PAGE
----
But for a ballerina hoping to win the Bolshoi’s most prestigious roles, Tsiskaridze is not the ideal mentor. He and most of the theater’s management have not been on speaking terms for years. In the press and on television, Tsiskaridze has attacked the management for soiling the Bolshoi’s repertoire of classics with contemporary works
from abroad, for shoddy work during a recent renovation, for favoritism and bad taste. As a result of his endless criticism, Tsiskaridze claims he and his students are denied roles, docked pay and prevented from advancing their careers. At the rehearsal last month, when Vorontsova had finished an immaculate solo, he turned
around in his director’s chair and said to me, “You see that? These are the dancers the Bolshoi pays humiliating wages and doesn’t allow to dance.”
Still struggling to catch her breath, Vorontsova nodded so hard in agreement that her tutu began to bounce. Her dream, she says, is to dance the lead role of Odette, the Swan Princess, in the classic production of Tchaikovsky’s Swan Lake. But what ballerina doesn’t have that dream? And why would Filin have felt obliged to give it to her
when she asked for it back in December? The Bolshoi’s press secretary, Katerina Novikova, says Filin merely told her she is not ready. “He suggested she try rehearsing with another instructor, a woman, because it is a distinctly feminine role,” says Novikova.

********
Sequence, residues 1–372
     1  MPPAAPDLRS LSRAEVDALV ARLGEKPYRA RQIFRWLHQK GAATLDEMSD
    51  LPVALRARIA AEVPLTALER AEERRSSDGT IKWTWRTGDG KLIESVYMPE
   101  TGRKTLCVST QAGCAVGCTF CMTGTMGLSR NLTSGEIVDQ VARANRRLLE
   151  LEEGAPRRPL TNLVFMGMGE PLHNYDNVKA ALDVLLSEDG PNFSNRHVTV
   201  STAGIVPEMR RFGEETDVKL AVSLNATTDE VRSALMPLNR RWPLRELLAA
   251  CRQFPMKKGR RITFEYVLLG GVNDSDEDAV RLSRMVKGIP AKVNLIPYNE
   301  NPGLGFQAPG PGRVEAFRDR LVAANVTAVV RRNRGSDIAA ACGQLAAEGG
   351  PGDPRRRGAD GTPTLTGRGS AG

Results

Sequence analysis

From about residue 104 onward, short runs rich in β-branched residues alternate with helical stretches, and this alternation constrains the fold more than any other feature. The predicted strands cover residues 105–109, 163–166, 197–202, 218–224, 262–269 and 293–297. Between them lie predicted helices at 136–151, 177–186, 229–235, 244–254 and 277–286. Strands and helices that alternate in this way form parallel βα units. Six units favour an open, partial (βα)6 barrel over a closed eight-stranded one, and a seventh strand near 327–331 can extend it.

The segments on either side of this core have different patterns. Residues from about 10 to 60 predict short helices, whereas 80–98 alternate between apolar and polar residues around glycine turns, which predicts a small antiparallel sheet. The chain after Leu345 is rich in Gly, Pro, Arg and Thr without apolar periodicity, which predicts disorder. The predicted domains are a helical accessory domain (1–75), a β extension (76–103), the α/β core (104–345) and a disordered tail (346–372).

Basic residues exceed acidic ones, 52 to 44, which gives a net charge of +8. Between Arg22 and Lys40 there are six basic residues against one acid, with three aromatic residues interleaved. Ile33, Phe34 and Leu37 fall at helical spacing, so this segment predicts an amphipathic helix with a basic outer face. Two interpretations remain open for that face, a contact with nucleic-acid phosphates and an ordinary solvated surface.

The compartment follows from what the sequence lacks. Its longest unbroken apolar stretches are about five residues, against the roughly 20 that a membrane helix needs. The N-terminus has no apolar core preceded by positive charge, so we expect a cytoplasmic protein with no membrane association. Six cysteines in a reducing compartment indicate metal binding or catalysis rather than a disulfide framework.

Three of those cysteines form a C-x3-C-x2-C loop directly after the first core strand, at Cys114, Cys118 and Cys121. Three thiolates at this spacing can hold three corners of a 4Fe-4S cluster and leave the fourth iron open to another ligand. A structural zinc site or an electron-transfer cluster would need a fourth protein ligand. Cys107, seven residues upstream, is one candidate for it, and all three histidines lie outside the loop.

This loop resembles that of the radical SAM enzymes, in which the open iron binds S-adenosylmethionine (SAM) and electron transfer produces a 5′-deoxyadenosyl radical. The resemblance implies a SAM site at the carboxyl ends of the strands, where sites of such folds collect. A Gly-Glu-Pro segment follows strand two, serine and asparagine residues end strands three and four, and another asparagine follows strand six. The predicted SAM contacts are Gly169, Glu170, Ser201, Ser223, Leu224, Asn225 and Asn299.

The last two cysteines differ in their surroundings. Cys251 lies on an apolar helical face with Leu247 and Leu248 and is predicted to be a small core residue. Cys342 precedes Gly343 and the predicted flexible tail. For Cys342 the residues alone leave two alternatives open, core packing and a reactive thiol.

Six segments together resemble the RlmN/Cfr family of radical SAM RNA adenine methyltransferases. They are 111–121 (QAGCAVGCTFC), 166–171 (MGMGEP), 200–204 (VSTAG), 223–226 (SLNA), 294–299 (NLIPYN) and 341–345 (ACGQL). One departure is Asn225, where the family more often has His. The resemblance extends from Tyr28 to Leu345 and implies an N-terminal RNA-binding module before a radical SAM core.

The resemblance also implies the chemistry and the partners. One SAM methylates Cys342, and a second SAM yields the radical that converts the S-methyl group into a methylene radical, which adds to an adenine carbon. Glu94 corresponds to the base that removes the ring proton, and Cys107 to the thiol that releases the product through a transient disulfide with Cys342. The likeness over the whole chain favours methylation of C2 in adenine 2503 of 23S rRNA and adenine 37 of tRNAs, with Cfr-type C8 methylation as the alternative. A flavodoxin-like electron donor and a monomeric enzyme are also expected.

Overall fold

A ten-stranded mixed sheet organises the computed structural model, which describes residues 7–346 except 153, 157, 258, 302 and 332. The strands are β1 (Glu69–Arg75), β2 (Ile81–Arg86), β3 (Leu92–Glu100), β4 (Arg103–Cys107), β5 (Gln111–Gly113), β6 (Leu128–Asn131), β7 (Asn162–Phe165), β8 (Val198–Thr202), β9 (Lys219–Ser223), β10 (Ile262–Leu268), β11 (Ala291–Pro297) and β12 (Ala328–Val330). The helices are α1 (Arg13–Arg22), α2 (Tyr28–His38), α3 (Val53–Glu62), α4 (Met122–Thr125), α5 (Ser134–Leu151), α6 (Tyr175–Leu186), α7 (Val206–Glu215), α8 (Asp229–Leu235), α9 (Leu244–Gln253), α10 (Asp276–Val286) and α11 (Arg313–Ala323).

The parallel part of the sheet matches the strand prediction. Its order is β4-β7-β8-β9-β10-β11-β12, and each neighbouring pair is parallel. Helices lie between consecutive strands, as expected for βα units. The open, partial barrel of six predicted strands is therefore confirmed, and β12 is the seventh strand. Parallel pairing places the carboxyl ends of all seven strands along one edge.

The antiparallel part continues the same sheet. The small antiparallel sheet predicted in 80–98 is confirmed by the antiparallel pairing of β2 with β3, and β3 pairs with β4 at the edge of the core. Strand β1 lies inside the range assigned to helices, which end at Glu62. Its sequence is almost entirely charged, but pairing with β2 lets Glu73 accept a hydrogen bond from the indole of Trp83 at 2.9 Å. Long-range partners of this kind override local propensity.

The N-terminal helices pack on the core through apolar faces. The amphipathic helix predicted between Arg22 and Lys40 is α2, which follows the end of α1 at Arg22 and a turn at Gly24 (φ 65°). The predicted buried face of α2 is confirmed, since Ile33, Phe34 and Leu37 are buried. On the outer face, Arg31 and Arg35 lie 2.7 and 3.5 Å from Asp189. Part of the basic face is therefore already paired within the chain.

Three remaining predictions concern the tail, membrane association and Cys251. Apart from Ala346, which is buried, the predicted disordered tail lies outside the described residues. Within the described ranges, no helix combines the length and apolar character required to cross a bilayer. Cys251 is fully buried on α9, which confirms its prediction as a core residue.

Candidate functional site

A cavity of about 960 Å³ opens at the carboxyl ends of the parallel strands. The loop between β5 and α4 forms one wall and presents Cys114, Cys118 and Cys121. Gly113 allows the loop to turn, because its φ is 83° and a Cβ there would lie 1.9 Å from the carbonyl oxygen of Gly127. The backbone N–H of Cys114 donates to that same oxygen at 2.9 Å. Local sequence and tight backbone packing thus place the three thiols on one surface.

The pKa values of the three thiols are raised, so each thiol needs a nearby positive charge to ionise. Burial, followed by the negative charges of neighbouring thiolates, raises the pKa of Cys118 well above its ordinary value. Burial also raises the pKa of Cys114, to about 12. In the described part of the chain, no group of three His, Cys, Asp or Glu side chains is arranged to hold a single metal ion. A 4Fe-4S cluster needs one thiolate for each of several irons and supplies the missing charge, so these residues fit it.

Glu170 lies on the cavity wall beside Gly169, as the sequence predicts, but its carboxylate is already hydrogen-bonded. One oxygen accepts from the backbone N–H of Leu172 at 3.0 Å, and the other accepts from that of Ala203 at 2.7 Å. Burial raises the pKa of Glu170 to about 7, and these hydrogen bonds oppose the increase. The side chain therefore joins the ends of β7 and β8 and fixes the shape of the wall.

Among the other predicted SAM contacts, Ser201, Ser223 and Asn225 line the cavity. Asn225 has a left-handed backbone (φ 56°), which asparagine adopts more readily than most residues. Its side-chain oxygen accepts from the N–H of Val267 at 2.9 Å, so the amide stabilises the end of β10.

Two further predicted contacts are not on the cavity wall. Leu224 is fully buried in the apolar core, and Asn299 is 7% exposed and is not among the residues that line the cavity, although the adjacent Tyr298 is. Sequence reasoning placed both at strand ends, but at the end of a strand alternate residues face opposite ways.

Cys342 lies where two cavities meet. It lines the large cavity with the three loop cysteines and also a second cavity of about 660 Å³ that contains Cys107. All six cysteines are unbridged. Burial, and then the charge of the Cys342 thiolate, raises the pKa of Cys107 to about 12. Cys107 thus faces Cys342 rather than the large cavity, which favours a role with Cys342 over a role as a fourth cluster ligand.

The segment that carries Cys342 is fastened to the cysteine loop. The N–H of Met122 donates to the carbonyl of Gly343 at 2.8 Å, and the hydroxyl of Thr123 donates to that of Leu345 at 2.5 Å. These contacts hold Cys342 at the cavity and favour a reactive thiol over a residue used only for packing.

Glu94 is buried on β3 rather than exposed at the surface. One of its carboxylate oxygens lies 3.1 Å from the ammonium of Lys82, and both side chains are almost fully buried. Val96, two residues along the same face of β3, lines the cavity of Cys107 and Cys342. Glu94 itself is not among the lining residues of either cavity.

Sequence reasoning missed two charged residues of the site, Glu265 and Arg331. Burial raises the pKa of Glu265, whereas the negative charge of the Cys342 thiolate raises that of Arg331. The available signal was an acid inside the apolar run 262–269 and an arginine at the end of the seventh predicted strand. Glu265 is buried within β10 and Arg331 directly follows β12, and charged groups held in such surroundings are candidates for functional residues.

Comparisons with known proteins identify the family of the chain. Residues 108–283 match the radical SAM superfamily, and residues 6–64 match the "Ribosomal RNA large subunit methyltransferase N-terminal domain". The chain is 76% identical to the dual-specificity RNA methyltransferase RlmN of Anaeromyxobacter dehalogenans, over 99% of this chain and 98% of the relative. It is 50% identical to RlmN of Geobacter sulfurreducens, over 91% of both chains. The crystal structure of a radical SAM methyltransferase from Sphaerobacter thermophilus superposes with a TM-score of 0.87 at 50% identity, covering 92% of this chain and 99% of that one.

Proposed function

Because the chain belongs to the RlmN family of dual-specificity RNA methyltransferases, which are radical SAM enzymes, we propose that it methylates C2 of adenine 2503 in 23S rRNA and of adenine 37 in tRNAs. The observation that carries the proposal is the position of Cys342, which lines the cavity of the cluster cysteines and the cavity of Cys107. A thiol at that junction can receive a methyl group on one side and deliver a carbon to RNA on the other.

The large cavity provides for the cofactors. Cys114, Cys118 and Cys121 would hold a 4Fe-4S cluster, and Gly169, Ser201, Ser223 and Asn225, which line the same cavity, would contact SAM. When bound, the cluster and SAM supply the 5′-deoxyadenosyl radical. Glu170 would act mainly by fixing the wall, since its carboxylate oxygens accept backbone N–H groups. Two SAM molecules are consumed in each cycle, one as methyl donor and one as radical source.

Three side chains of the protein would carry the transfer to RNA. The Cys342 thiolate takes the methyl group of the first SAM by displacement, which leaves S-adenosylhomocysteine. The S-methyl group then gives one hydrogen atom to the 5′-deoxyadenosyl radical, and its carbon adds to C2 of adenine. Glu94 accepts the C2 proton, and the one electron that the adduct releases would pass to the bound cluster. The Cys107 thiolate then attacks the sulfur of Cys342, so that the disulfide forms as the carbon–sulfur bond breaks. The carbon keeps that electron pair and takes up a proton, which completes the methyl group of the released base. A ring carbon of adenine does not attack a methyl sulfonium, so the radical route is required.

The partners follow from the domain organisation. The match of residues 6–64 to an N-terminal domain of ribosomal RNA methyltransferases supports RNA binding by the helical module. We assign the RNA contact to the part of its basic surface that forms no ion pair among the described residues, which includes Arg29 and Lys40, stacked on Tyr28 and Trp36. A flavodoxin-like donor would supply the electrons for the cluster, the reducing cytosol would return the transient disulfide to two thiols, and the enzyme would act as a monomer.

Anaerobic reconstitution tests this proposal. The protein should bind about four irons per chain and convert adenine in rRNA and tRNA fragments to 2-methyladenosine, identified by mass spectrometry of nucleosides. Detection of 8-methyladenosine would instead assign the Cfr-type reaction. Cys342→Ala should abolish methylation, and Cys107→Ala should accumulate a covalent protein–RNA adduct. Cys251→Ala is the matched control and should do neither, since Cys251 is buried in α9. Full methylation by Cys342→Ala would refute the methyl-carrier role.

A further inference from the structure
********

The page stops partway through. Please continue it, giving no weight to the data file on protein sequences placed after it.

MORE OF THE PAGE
Vorontsova and her teacher remember it differently. In December, they claim, Filin offered to let her dance the Swan Princess if she agreed to abandon Tsiskaridze’s mentorship. Out of loyalty, she says she refused. “He is a living genius,” she said of her teacher after their rehearsal last month. “I am prepared to suffer a lot for the honor of working with him.”
But whatever Filin’s reason for denying her that role, he began to face a campaign of harassment soon after. In late December, he started getting prank calls at all hours of the night. His email account was hacked and, on the eve of the acid attack, the tires of his car were slashed. The picture emerging from the investigation this week is that Dmitrichenko may have been taking revenge on behalf of his wife. It is not clear whether he was acting alone — whether he had told Vorontsova or Tsiskaridze of his alleged plans — but both of them deny having anything to do with the attack. Since her husband’s arrest, Vorontsova has been impossible to reach. On March 6, the day Dmitrichenko made his televised confession, she danced as one of the Diamonds in the Bolshoi’s productions of the Ballet Jewels, but the theater’s press secretary said afterward that the ballerina will not be giving interviews, and declines to comment on her emotional condition. At this point, though, her chances of moving on to the role of the Swan Princess do not look any better off.